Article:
Publication number | US5546080 A |

Publication type | Grant |

Application number | US 08/176,636 |

Publication date | Aug 13, 1996 |

Filing date | Jan 3, 1994 |

Priority date | Jan 3, 1994 |

Fee status | Lapsed |

Also published as | EP0661668A2, EP0661668A3 |

Publication number | 08176636, 176636, US 5546080 A, US 5546080A, US-A-5546080, US5546080 A, US5546080A |

Inventors | Glen G. Langdon, Jr., Ahmad Zandi |

Original Assignee | International Business Machines Corporation |

Export Citation | BiBTeX, EndNote, RefMan |

Patent Citations (16), Non-Patent Citations (22), Referenced by (68), Classifications (9), Legal Events (6) | |

External Links: USPTO, USPTO Assignment, Espacenet | |

US 5546080 A

Abstract

An efficient, fast-decoding, order-preserving, easily implementable, length-based (L-based) arithmetic coding method, apparatus, and manufacture for an m-ary alphabet {1, . . . , i, . . . , m} is provided. A coding method in accordance with the invention combines recursive division of intervals on a number line into sub-intervals whose lengths are proportional to symbol probability and which are ordered in lexical order with the constraint that probabilities be estimated as negative powers of two (1/2, 1/4, 1/8, etc.). As a consequence, the advantageous preservation of lexical order and computational efficiency are both realized. Also, a coding system in accordance with the invention is simple to implement, and high speed operation is achieved, because shifts take the place of multiplications. A coding apparatus in accordance with the invention preferably includes either a single decoding table to achieve fast decoding, or two decoding tables to achieve fast decoding as well as order preservation. The decoding process can conveniently be performed by constructing a decoding table for the C register. The C register is initialized with the leading bits of the codestring. The decoded symbol is the symbol i, i being the greatest integer that makes the C-register value greater than or equal to P(i).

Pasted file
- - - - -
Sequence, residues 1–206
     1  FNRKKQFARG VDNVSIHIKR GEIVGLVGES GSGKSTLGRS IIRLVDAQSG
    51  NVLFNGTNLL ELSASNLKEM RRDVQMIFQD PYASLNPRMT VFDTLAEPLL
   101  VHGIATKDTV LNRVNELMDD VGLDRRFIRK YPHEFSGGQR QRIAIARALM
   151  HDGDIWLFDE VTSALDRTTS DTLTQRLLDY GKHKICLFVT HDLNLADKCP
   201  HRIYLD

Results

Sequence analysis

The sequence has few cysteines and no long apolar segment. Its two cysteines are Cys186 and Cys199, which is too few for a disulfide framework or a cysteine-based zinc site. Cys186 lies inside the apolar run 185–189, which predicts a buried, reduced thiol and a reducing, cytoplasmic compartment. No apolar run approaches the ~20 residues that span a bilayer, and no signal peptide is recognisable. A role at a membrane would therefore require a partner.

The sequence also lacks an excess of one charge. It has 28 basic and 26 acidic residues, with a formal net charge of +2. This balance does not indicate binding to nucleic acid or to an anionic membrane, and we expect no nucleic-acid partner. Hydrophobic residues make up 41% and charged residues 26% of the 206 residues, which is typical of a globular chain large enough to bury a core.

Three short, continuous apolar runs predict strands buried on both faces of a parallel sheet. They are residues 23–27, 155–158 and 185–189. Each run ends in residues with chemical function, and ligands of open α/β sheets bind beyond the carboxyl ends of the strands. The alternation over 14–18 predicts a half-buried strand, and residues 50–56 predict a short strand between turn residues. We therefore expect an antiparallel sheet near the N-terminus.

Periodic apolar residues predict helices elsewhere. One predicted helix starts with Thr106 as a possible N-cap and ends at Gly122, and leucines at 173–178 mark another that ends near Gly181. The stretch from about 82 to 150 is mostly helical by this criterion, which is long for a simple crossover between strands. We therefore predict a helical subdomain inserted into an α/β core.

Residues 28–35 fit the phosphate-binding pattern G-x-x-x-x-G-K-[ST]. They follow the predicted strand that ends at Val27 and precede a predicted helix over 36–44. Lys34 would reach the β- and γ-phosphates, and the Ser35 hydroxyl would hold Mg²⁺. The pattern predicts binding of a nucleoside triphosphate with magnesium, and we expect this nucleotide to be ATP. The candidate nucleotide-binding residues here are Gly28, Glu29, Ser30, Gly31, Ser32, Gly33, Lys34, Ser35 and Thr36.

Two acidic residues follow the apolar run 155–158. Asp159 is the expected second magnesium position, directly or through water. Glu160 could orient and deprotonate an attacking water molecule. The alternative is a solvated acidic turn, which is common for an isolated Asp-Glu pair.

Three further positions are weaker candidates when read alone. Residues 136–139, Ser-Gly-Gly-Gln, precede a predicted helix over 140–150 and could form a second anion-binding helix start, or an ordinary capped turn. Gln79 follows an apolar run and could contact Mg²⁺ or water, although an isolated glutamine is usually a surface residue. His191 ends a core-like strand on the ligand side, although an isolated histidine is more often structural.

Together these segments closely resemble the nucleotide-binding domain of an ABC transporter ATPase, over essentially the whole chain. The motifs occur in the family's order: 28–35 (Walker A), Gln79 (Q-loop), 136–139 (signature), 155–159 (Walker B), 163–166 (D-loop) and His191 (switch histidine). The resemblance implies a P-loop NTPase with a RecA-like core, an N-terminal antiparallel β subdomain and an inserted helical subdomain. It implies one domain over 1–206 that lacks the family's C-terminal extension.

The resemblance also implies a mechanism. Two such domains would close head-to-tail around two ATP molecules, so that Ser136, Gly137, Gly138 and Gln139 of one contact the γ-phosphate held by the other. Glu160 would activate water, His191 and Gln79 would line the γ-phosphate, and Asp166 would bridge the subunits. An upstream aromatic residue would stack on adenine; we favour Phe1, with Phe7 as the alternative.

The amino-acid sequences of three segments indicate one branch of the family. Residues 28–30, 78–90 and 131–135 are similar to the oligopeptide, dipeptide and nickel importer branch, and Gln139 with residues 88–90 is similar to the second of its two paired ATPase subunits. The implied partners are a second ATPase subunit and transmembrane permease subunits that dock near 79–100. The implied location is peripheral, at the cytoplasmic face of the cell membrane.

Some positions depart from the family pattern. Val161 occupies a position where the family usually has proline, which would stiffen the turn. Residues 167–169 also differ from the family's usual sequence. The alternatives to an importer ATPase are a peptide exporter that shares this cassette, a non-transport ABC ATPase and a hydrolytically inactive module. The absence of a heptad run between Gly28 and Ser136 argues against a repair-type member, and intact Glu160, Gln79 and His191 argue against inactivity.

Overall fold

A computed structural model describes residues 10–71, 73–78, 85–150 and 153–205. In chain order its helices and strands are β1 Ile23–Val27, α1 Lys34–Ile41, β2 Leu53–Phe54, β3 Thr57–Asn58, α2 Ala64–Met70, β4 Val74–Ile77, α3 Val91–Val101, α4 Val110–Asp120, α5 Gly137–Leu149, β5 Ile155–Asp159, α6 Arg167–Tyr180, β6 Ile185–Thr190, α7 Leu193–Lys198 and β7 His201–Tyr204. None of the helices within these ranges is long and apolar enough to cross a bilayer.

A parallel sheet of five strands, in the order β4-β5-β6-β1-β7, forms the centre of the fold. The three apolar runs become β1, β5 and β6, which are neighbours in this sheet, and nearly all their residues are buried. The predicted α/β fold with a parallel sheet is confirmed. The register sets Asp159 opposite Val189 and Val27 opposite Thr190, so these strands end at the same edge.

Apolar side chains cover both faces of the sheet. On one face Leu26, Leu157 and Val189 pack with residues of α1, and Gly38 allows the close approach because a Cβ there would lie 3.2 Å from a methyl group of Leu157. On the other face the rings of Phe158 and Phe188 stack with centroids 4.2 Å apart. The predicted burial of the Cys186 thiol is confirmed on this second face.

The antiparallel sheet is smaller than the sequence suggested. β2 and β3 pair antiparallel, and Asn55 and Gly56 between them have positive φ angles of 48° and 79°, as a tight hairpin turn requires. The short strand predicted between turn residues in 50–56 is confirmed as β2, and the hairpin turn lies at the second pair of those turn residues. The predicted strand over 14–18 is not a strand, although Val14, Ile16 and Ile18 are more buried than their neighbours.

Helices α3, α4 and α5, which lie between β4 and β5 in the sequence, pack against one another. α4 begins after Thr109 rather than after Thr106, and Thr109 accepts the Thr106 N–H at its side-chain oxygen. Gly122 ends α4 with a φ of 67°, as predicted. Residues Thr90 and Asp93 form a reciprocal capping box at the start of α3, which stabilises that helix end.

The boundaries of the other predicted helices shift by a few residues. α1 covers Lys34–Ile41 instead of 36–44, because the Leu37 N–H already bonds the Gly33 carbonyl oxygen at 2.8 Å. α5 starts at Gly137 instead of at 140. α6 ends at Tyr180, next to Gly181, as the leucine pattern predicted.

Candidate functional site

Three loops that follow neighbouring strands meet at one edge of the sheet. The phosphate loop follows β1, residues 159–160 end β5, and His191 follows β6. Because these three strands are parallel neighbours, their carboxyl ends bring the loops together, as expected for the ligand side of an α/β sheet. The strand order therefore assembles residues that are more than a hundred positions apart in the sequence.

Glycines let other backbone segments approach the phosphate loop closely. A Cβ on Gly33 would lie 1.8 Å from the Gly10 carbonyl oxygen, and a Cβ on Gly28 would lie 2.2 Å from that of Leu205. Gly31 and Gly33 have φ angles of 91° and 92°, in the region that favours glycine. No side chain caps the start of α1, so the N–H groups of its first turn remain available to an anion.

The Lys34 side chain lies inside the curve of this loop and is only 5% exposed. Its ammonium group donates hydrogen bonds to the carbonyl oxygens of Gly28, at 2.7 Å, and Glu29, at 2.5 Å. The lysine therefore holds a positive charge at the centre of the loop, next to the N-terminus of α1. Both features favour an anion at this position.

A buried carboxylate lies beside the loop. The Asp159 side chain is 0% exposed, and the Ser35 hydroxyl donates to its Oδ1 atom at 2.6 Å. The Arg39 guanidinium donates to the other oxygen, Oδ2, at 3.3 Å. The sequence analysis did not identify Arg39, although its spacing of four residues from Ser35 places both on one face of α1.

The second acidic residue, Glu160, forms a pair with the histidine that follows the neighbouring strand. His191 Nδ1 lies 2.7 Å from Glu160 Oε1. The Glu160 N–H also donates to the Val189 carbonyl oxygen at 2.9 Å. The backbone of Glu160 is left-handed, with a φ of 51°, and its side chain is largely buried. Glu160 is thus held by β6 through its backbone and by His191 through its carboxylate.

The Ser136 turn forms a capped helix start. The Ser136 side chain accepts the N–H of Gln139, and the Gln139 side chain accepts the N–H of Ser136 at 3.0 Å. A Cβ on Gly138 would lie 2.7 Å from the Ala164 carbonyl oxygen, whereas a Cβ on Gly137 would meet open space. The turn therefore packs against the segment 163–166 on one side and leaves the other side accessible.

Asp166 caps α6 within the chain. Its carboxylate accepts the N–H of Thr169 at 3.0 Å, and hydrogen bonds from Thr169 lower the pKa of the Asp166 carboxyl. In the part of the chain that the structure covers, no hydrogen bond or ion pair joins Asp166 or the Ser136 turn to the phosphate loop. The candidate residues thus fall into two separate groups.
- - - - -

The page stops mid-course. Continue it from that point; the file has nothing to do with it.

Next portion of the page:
Claims(9)

1. An apparatus for coding and decoding symbols of an alphabet, the alphabet having a predetermined order for the symbols, the apparatus comprising:

an augend table containing, for each respective symbol, a respective augend having a value related to a cumulative probability of all symbols of the alphabet which precede the respective symbol in the predetermined order, the cumulative probability being based on approximations, to negative powers of 2, of probabilities of the symbols of the alphabet which precede the respective symbol;

means for encoding a symbol, the means for encoding including:

(i) means for producing a numerical representation of the symbol,

(ii) means for adding the numerical representation to the augend whose value is related to the cumulative probability of the symbols which precede the symbol to be encoded, to produce a sum, and

(iii) means for left-shifting the sum to renormalize; and

means for decoding a symbol from a code string, the means for decoding including:

(i) means for identifying a coded symbol from at least one most significant bit of the code string,

(ii) means for determining which of the augends of the augend table was added to the symbol to produce the coded symbol, and

(iii) means for obtaining the decoded symbol from the code string by means of the augend determined by the means for determining.

2. An apparatus as recited in claim 1 wherein the means for decoding includes means for obtaining the decoded symbol from the identified coded symbol by identifying the largest cumulative probability whose value is less than that of the coded symbol.